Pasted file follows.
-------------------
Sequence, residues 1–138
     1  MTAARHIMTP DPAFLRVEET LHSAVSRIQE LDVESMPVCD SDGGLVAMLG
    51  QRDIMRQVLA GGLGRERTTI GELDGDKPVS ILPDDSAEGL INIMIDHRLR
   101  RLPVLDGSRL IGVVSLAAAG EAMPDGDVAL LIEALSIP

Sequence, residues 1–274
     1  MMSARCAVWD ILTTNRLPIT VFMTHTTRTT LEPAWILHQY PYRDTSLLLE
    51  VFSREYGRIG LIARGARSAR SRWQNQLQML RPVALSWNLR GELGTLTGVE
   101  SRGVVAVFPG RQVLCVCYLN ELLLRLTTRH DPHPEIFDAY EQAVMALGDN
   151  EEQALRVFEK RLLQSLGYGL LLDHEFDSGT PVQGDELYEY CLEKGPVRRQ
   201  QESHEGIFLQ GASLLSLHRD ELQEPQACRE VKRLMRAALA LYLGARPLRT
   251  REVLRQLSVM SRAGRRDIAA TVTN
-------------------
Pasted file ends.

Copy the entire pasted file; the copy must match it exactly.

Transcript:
Sequence, residues 1–138
     1  MTAARHIMTP DPAFLRVEET LHSAVSRIQE LDVESMPVCD SDGGLVAMLG
    51  QRDIMRQVLA GGLGRERTTI GELDGDKPVS ILPDDSAEGL INIMIDHRLR
   101  RLPVLDGSRL IGVVSLAAAG EAMPDGDVAL LIEALSIP

Sequence, residues 1–274
     1  MMSARCAVWD ILTTNRLPIT VFMTHTTRTT LEPAWILHQY PYRDTSLLLE
    51  VFSREYGRIG LIARGARSAR SRWQNQLQML RPVALSWNLR GELGTLTGVE
   101  SRGVVAVFPG RQVLCVCYLN ELLLRLTTRH DPHPEIFDAY EQAVMALGDN
   151  EEQALRVFEK RLLQSLGYGL LLDHEFDSGT PVQGDELYEY CLEKGPVRRQ
   201  QESHEGIFLQ GASLLSLHRD ELQEPQACRE VKRLMRAALA LYLGARPLRT
   251  REVLRQLSVM SRAGRRDIAA TVTN